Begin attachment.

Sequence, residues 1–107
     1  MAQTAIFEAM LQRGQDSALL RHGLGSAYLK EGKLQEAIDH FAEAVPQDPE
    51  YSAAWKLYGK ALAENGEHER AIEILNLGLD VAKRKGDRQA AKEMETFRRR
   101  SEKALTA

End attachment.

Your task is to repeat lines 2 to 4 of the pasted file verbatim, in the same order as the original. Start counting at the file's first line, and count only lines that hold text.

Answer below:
     1  MAQTAIFEAM LQRGQDSALL RHGLGSAYLK EGKLQEAIDH FAEAVPQDPE
    51  YSAAWKLYGK ALAENGEHER AIEILNLGLD VAKRKGDRQA AKEMETFRRR
   101  SEKALTA